The iconic doll has been controversial for nearly 60 years. There’s a reason for that.
This article was made possible because of the generous support of DAME members. We urgently need your help to keep publishing. Will you contribute just $5 a month to support our journalism?
Last week, Barbie’s new looks caused an uproar as society struggles to catch up to Mattel’s marketing plan. Just a few months ago, women cheered the brand’s Imagine The Possibilities ad, which portrayed young girls in their future careers. The iconic doll, known for her impossibly slim proportions, platinum blonde hair and large breasts is now available slightly larger, or slightly taller, or slightly shorter, and in a few different skin colors. It appears that Mattel would like to market all of these beauties as “Barbie” but already we are qualifying them. We’re talking about “Curvy Barbie” or “Petite Barbie” or “Black Barbie.” While #Barbie trended on Twitter, awash in congratulatory tweets, many of the older generation are, in fact, wringing their hands at the new options available, telling Mattel they’re losing long-time customers to appease millennial moms. Others are stating that the new looks haven’t gone nearly far enough. “Fat Barbie” is modelled on a size 10, for instance, and only makes up a quarter of the new fleet.
But none of that matters. All this talk and hemming and hawing, all this child experimentation, where we witness little girls calling the doll fat when adults aren’t in the room, but shyly using hand gestures or spelling out the word when asked directly to describe her to adults—none of it matters. Because Mattel’s new dolls aren’t for us, and Mattel’s new dolls aren’t for our children.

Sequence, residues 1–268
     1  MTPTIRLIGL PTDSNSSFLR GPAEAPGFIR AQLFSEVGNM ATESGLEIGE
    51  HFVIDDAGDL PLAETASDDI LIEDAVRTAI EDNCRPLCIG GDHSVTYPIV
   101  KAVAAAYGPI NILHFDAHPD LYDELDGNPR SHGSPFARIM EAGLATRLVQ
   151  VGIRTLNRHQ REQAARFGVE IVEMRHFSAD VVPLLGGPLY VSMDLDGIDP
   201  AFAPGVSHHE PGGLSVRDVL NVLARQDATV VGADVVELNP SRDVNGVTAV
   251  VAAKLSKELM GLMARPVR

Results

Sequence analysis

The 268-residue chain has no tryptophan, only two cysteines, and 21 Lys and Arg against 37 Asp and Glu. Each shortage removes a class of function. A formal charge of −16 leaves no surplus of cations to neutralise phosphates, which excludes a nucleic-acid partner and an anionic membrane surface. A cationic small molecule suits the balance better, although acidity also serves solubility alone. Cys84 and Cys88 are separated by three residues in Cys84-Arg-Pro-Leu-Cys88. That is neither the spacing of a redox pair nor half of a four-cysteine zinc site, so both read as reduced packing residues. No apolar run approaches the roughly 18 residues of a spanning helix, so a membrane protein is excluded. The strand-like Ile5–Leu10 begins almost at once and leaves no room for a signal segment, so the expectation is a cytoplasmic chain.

Mattel’s new dolls are for the children of tomorrow. This makeover of the nearly 60-year-old childhood staple rankles our current society because our baseline starts at original Barbie—and only original Barbie. We will always associate her with impossible body standards. We will always explain her with the caveat that a doll is not supposed to be representative of realistic culture. We will do this because this is what we grew up with, and this was how we were told to deal with it as society became more welcoming (though still not welcoming enough) to different body types, skin colors and fashions.
It is not the first time toy companies have moved to include a more representative model for our youth. In fact, Barbie’s makeover has much to do with her battle with the Bratz dolls–multi-ethnic, more cartoonish, edgier versions of the fully realized female doll. When Mattel couldn’t beat the brand legally, they had to redouble their efforts in their own stock and models. Two years ago, Lego overtook Mattel as the largest toy company, in part because they launched the Legos Friends line—a line specifically marketed to girls. Mattel’s choice not to separate its line of toys for specific populations of girls is what makes these Barbies so very important.